Peru’s new president, Dina Boluarte gave in to protesters’ demands early on Monday, announcing in a nationally televised address that she will send Congress a proposal to move up elections.
Ms Boluarte’s decision came after thousands of demonstrators took to the streets around Peru for another day on Sunday to demand that she resign and schedule elections to replace her and Congress.
The protests turned deadly, with at least two reported deaths in a remote community in the Andes, according to officials.
Ms Boluarte said she will propose the scheduling of general elections for April 2024.
Many of those demonstrating in the ongoing political crisis are demanding the release from custody of Pedro Castillo, the centre-left president ousted on Wednesday by politicians after he sought to dissolve Congress in advance of an impeachment vote.
Hundreds of people also protested in Lima, the capital, where riot police used tear gas to push protesters back.
The protests rocking Peru heated up particularly in rural areas, strongholds for Castillo, a former schoolteacher and political newcomer from a poor Andean mountain district.
Protesters set fire to a police station, vandalised a small airport used by the armed forces, and marched in the streets.
A 15-year-old boy died of an injury suffered during a protest in the remote Andes community of Andahuaylas, Congresswoman Maria Taipe Coronado said as she made an impassioned plea from the legislative palace for Ms Boluarte to step down.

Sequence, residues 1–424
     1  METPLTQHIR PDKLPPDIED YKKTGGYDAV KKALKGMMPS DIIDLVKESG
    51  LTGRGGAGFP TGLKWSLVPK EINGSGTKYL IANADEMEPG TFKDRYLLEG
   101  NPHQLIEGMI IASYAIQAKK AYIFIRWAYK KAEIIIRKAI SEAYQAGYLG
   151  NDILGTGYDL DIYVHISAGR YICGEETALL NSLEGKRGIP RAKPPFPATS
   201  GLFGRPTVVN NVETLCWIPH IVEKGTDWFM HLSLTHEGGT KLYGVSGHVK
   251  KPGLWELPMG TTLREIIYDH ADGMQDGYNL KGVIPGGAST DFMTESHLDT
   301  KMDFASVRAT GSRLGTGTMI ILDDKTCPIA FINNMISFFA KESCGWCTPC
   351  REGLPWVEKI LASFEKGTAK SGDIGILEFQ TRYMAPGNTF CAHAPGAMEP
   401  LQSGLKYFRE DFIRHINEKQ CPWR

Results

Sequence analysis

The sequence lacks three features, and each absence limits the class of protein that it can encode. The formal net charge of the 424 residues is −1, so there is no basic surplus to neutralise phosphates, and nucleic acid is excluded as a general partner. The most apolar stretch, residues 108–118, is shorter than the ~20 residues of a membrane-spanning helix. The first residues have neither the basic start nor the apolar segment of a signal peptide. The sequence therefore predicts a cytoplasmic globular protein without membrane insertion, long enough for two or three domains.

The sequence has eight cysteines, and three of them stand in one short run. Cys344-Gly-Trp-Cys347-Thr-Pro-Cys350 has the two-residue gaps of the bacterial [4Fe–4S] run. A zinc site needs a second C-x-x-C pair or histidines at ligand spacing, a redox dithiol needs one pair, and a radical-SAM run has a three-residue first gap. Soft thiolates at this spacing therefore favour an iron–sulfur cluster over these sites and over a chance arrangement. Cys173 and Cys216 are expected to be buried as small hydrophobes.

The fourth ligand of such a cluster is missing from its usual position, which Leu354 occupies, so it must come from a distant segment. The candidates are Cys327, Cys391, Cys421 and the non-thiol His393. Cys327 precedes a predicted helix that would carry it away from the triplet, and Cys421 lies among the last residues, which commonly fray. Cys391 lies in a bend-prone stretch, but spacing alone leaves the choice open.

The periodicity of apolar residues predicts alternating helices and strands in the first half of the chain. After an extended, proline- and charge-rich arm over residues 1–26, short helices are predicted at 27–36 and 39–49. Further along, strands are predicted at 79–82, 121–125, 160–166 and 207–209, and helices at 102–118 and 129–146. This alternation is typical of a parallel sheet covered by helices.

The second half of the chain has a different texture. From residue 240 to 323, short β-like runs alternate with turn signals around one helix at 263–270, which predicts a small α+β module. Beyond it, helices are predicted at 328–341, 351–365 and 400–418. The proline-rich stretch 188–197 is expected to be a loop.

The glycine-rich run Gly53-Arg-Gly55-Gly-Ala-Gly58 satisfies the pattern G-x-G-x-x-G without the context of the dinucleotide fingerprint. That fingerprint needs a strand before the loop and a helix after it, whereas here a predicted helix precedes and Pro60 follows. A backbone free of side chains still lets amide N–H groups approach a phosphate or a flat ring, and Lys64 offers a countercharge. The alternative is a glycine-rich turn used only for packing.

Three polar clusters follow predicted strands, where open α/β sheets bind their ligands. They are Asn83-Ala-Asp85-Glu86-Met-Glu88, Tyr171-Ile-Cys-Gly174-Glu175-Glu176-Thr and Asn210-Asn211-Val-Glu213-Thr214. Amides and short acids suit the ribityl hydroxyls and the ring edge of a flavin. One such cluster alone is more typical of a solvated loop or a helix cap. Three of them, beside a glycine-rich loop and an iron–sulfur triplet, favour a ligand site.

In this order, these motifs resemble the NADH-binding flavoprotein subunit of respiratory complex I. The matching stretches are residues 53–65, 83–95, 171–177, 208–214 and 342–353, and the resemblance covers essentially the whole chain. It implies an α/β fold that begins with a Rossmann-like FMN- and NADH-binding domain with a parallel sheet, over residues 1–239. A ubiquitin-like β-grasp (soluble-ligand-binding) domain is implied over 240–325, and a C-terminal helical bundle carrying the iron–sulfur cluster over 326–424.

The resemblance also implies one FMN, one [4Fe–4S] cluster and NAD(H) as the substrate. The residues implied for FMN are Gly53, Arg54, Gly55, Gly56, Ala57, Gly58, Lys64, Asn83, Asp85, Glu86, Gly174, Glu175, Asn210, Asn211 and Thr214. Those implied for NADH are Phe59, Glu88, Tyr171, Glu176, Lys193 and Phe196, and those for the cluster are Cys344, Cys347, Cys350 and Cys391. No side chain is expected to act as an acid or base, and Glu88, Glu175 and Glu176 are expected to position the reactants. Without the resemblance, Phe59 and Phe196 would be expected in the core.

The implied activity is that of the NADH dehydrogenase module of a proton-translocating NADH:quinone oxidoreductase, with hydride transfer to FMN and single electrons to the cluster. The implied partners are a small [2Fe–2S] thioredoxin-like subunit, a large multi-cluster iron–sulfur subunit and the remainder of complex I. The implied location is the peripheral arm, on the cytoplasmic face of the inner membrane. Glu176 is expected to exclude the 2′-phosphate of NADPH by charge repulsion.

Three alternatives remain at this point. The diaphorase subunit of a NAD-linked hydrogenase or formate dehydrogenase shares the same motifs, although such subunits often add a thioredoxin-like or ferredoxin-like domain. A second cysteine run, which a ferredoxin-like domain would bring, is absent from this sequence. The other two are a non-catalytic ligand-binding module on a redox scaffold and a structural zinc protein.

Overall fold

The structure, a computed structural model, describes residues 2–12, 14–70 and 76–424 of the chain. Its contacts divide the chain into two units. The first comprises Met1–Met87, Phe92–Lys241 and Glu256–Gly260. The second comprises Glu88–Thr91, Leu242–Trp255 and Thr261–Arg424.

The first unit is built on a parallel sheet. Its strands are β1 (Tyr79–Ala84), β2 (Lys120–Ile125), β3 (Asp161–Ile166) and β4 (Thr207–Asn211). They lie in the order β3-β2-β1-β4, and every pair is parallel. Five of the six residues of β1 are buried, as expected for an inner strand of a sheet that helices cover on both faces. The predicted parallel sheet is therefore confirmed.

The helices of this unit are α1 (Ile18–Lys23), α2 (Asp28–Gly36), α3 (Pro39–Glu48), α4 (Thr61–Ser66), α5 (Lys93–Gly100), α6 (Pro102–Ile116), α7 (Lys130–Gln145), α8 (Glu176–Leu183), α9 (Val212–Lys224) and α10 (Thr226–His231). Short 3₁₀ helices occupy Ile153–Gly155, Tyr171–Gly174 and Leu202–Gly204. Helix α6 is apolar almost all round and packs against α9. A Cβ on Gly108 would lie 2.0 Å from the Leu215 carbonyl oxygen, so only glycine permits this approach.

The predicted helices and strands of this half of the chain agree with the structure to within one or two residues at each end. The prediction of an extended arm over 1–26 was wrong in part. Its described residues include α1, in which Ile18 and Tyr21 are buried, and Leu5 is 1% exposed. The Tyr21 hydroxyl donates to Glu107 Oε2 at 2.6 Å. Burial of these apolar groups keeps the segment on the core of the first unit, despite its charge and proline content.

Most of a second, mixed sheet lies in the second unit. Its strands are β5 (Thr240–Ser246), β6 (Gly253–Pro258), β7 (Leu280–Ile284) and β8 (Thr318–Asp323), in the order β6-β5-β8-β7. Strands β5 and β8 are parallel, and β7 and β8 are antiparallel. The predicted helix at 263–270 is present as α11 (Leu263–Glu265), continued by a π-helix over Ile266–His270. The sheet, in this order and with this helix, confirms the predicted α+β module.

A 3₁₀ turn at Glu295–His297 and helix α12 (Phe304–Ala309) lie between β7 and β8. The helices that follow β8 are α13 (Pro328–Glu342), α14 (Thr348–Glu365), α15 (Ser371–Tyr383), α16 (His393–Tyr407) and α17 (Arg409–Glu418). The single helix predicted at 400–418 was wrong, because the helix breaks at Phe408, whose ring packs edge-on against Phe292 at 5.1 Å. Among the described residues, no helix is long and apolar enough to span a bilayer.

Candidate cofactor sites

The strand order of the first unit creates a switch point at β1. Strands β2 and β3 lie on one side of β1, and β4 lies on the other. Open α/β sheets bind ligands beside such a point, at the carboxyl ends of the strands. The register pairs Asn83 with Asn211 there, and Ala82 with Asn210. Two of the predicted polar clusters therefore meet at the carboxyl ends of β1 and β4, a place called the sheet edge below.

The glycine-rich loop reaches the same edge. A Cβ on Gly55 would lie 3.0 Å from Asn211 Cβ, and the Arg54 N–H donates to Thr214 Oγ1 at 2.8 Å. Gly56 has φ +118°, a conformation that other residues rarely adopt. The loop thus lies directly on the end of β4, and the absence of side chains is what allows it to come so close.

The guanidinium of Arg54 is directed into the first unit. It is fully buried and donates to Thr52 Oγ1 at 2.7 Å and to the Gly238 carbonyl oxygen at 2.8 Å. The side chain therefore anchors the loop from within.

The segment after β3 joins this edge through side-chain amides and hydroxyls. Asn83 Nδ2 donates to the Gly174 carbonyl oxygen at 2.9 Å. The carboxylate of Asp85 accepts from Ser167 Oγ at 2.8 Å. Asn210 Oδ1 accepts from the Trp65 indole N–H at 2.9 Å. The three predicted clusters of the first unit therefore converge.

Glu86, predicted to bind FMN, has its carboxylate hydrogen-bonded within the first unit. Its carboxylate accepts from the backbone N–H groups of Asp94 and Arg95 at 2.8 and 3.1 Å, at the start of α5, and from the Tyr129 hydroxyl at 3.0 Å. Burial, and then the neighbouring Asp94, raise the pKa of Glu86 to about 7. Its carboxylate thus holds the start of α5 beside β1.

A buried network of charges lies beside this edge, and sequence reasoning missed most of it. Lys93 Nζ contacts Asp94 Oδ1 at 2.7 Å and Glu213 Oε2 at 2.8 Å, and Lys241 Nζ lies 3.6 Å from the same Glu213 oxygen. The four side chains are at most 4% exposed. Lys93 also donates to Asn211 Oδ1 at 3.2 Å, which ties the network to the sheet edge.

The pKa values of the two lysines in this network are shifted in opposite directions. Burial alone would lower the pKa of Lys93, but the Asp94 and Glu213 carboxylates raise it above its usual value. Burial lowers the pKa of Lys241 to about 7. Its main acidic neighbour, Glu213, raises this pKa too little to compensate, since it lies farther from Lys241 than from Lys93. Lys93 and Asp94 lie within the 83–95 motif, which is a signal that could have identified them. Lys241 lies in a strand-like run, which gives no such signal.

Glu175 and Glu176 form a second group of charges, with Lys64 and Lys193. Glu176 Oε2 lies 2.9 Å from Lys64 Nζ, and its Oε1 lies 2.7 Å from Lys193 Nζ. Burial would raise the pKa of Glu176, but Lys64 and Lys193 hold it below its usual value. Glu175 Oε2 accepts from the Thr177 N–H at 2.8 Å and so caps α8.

Ms Taipe accused authorities of using heavy-handed repressive tactics in quelling demonstrations.
But it remains unclear how the boy was fatally injured, and state media reported a second death in the same community without giving details.
Anthony Gutierrez, director of a local hospital, told a radio station that the second protester to die was an 18-year-old person. At least 26 people have also been reported injured.
Ms Boluarte (60) was swiftly sworn in midweek to replace Mr Castillo, hours after he stunned the country by ordering the dissolution of Congress, which in turn dismissed him for “permanent moral incapacity”.
Mr Castillo was arrested on charges of rebellion.
Mr Castillo’s failed move against the opposition-led Congress came hours before politicians were set to start a third impeachment attempt against him.
Scattered protests around the country have continued for days. — AP